[Today: The changeling…]
I recently picked up Iron & Wine’s latest album, Kiss Each Other Clean, and while I wasn’t immediately blown away, like I was by its predecessor The Shepherd’s Dog, I plan on giving it several more spins before coming to any final conclusions. But one thing that did grab my attention was that in a few places, Sam Beam (the artist behind the Iron & Wine name) sounds quite a bit like George Michael. How a freak folk artist from the 00s ended up sounding like a pop crooner from the 80s and 90s is a mystery to me – enough that I had to dig up a George Michael album to confirm the comparison.
It’s worth taking a few minutes to explain why I have George Michael’s Listen Without Prejudice in my record collection. Not because I have anything against him — I actually think he’s one of the more interesting characters of the last few decades, and I’m delighted that Iron & Wine, of all artists, has finally given me a chance to reflect on his music — but because Listen Without Prejudice was released in 1990, which might just be the absolute low point for LP sales in the US. I have an ironclad rule that I buy ANY records I find that were released between 1989 and 1994, because those LPs might be among the rarest modern releases on vinyl. Demand was then so low for the format that any LP released during those years couldn’t have been pressed in numbers exceeding 5,000.
So when I saw Listen Without Prejudice at a local flea market for one dollar, I jumped all over it, and then filed it away, thinking it’d be ages before it ever actually hit the turntable. And then I listened to the new Iron & Wine, and found myself pulling LWP out of the stacks and dropping the needle. One listen confirmed that parts of Kiss Each Other Clean actually do sound like George Michael, but it also reminded me that ‘Freedom’ really is a unique and smartly constructed song.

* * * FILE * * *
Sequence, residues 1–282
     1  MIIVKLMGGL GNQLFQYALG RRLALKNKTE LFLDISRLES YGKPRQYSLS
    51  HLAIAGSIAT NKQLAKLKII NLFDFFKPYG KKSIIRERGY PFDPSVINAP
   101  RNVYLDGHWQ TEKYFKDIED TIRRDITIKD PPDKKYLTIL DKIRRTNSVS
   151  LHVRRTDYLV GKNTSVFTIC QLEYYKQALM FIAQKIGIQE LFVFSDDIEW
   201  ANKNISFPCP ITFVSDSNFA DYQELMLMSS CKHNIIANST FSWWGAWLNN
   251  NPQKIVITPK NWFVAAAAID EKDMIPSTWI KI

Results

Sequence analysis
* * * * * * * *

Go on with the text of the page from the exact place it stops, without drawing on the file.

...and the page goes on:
It’s difficult to think of another tune that’s such a mea culpa from artist to audience. As a member of Wham!, Michael was one of the poster boys of MTV during the 80s, but here he apologizes for selling out his talents for the prospect of fame, and promises to be more true to his gifts in the future. It hardly sounds like the makings of a big hit, but ‘Freedom’ is undeniable. The fact that the Iron & Wine track that most sounds like Michael is called ‘Glad Man Singing’, and comes off like a response to ‘Freedom’ only heightens my suspicion that something’s happening here.
Perhaps even more odd is Kiss Each Other Clean’s final track, ‘Your Fake Name Is Good Enough For Me’. It’s a poppy, very Iron & Wine thing for about half the song, before it shifts into a dark dirge and Beam disappears into a phone booth, only to reappear as Maynard from Tool. Maybe my ears are playing tricks on me, but with his latest album, Sam Beam seems to be shape-shifting…
Listen: Glad Man Singing [Iron & Wine]
Listen: Freedom [George Michael]
Listen: Your Fake Name Is Good Enough For Me [Iron & Wine]